Life and Death Converge in a Two-Sided Field of 17,000 Steel Flowers by Zadok Ben-David

Element of “Blackfield” (2021) at Kew. Photograph by Roger Wooldridge. All pictures courtesy of Kew Gardens, shared with permission

On the coronary heart of Zadok Ben-David’s Pure Reserve on view at Kew Gardens is a low-lying plot sprouting almost 1,000 plant species. The sprawling, ecologically numerous set up, which has traveled to a number of cities like Seoul, Tel Aviv, and Paris since 2006, is titled “Blackfield,” a reputation tied to the flowers’ dualistic nature: one aspect captures the vibrancy of life by means of vibrant, fantastical colours, whereas the opposite is painted totally black.

Containing upwards of 17,000 steel-etched botanicals, the set up considers the precarious line between life and loss of life and the way a small shift in perspective can encourage oppositional emotions of both loss or hope. “The connection between humanity and nature is one which is central to my work. I’ve at all times been fascinated by the thought of how people depend on nature for survival but appear to overlook this important reality in on a regular basis life,” the Israeli artist says.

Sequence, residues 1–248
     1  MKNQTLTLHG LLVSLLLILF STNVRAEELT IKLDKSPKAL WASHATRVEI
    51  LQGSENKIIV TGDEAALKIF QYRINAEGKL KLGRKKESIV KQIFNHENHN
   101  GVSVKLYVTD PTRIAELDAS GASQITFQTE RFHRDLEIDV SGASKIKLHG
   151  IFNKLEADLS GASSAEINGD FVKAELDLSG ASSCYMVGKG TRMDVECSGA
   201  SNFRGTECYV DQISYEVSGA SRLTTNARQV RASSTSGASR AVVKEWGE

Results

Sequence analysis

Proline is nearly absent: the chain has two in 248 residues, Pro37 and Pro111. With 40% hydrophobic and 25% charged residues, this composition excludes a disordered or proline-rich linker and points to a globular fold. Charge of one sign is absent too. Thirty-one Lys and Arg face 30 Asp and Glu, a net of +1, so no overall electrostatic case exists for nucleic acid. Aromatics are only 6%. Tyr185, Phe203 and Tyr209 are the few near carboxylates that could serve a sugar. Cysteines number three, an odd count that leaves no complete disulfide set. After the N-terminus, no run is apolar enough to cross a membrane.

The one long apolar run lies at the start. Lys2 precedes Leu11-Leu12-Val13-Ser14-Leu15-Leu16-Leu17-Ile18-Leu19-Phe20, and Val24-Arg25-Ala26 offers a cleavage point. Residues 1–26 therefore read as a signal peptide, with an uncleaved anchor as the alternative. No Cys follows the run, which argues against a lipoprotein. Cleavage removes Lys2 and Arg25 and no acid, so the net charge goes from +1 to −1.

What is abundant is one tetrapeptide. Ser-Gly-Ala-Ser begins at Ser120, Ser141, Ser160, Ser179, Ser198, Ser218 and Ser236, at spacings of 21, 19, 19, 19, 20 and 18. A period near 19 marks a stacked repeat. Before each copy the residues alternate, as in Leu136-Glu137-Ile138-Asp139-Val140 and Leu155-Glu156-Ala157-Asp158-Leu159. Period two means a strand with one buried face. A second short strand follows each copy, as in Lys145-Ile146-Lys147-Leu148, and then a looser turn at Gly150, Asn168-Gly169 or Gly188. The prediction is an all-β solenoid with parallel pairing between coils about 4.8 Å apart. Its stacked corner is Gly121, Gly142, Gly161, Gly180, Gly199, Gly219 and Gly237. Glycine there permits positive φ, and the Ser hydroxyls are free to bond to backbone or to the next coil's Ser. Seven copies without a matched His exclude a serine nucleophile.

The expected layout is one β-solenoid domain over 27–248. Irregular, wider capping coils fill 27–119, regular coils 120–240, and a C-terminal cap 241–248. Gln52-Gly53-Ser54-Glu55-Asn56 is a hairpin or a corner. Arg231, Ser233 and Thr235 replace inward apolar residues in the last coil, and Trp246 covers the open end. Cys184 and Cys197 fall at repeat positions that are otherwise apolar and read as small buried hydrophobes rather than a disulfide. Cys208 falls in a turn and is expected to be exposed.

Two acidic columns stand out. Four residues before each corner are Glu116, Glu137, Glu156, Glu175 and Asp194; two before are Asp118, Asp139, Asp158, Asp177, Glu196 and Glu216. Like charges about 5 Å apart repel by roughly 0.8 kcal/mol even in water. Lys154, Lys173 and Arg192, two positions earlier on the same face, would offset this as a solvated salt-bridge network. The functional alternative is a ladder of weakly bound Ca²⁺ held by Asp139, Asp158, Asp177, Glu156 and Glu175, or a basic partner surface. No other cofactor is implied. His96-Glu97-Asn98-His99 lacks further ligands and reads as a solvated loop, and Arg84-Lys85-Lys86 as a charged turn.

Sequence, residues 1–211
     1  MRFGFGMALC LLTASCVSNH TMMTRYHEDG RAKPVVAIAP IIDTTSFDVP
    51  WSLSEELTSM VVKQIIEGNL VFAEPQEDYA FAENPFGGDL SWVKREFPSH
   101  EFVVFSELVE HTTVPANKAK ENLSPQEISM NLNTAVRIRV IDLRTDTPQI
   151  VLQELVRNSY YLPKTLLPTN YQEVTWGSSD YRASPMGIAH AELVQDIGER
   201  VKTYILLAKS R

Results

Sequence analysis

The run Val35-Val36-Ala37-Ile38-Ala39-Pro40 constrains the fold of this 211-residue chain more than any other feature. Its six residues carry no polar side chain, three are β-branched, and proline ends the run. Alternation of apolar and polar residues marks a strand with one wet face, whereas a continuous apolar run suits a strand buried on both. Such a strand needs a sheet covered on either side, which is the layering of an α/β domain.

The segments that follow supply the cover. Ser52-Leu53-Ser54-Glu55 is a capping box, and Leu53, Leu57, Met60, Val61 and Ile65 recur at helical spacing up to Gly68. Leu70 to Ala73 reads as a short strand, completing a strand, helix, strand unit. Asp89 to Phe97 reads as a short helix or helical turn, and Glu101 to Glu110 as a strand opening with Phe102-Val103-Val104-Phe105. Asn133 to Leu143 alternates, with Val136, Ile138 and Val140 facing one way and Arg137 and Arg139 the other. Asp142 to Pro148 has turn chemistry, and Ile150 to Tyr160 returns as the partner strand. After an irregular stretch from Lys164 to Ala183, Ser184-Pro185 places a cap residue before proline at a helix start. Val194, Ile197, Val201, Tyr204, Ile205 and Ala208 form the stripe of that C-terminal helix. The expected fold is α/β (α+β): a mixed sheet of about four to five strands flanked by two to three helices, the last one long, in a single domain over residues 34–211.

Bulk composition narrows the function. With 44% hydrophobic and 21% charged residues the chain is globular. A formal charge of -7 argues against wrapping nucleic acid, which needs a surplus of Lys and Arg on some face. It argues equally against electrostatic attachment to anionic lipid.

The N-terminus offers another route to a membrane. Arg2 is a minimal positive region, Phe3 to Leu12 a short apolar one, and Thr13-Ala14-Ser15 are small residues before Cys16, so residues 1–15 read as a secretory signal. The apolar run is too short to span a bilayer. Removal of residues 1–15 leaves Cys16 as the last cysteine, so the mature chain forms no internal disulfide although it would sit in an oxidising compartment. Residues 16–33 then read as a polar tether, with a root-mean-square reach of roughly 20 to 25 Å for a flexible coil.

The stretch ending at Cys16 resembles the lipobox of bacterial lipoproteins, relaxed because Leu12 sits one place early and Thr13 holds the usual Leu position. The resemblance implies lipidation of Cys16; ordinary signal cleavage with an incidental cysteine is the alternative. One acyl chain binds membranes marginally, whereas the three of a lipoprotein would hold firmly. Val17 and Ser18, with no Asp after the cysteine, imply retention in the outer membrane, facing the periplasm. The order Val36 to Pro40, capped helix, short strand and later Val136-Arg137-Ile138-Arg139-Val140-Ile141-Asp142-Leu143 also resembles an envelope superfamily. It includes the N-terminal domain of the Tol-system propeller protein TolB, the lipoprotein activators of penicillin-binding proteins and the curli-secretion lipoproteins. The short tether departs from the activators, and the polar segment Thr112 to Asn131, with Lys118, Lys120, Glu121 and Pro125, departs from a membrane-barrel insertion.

Along with “Blackfield,” Pure Reserve contains quite a lot of intricate, sculptural items, a few of that are primarily based on nineteenth Century illustrations within the backyard’s collections, and is on view by means of April 24. Comply with Zadok Ben-David (beforehand) on Instagram to regulate the place his works are headed subsequent.


Element of “Blackfield” (2021) at Kew. Photograph by Roger Wooldridge

Pictures by Soupdemots

Element of “Blackfield” (2021) at Kew. Photograph by Roger Wooldridge

Pictures by Soupdemots

Pictures by Soupdemots

Pictures by Soupdemots

“Blackfield” (2010) at Verso Arte Contemporanea in Turin, Italy

“Blackfield” (2021) at Kew. Photograph by Roger Wooldridge


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